After an unsanctioned mission in Mexico which resulted in a catastrophe during a crowded national holiday celebration, M (Ralph Fiennes) orders Agent 007 (Daniel Craig) from participating in any future assignments—active indefinitely. Unbeknownst to his superior, however, Bond is partaking on a different mission altogether—a more personal mission—out of respect for his former handler (Judi Dench) which involves an international organization believed to be involved in recent targeted terror attacks.

“Spectre,” directed by Sam Mendes, is a less polished Bond picture, certainly less emotionally involving, and more interested in tying together the three films that came before it. Thus, at times it comes across as though it is suffering from an identity crisis. And yet despite this shortcoming, it remains a solid action picture since it commands highly watchable, thrilling, and occasionally creative sequences.

The pre-opening credits sequence is an obvious standout. Notice the control from behind the camera as it sashays between celebratory crowds while remaining focus on Bond and his partner, through a posh hotel, up a lift, and along the rooftop. Tension is slowly generated as we wait for the movement to stop. Even though we have little idea in regards to Bond’s mission, the entire sequence demands full attention. The tight editing ensures that we blink—and flinch—as few times as possible.

Equally strong is the night car chase in the streets of Rome. This chase serves as the catharsis after a mysterious business meeting that concludes in a brutal murder. Complaints are surely going to be made because the expensive and stunning cars appear to not go very fast. But the suspense and thrills do not go hand-in-hand with speed. Instead, these are correlated with the sudden turns and the unexpected hindrances along the way. It shows our protagonist’s ability to think quickly—and the sheer luck critical to propel him forward.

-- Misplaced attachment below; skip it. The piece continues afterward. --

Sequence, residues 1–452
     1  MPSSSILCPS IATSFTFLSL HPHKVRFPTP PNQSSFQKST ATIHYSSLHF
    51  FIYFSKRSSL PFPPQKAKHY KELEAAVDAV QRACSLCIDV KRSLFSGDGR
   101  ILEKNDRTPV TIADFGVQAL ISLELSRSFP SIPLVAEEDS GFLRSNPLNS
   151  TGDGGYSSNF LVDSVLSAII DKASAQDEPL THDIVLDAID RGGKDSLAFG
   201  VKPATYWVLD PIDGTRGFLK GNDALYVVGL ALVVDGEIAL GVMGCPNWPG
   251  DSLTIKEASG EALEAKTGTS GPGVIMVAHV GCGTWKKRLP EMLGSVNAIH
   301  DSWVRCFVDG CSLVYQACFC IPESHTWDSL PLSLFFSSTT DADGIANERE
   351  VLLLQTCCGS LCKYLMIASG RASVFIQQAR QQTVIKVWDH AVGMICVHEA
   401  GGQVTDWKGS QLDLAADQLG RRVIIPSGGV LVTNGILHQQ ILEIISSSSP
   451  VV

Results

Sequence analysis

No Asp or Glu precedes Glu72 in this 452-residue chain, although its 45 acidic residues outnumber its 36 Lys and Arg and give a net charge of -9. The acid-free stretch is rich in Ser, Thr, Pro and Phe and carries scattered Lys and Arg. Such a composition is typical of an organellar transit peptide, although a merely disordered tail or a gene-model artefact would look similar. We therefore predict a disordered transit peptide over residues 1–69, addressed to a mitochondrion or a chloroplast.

One feels the heft of the film’s one hundred fifty minutes. Part of the issue is the dialogue. There is often a lack of complexity in the exchanges. We already know that the characters are highly intelligent and yet there are a handful of scenes, particularly those that involve Bond and Dr. Swann (Léa Seydoux), that sound too expository. Problematic, too, are the exchanges between Bond and the leader of the Spectre organization (Christoph Waltz). We expect every look and every word given to one another to be incendiary given the supposedly profound history that ties them together. I found the charade to be pedestrian.

Slightly better are the exchanges between M and C (Andrew Scott), the latter working to close down the MI6’s 00 program. The seething anger and annoyance between the two men of power is quite entertaining. It is a small but welcome surprise that there are a number of moments where office politics outshine what goes on in the field. However, although they are given their moments, Moneypenny (Naomie Harris) and Q (Ben Whishaw), M’s secretary and the head of MI6’s research and development, respectively, are not used enough. Harris and Whishaw are so charming but the screenplay fails to make the audience love their characters even more.

Unspectacular but still solid, there are a handful of sequences to recommend in “Spectre.” The mano a mano aboard a moving train quickly comes to mind. If the screenplay had undergone more alterations such as eliminating the expository chunks in the middle (and one or two monologues) or changing them in order to amp up the intrigue—especially when it comes to the shadowy organization of interest—it would have been a level above more satisfying.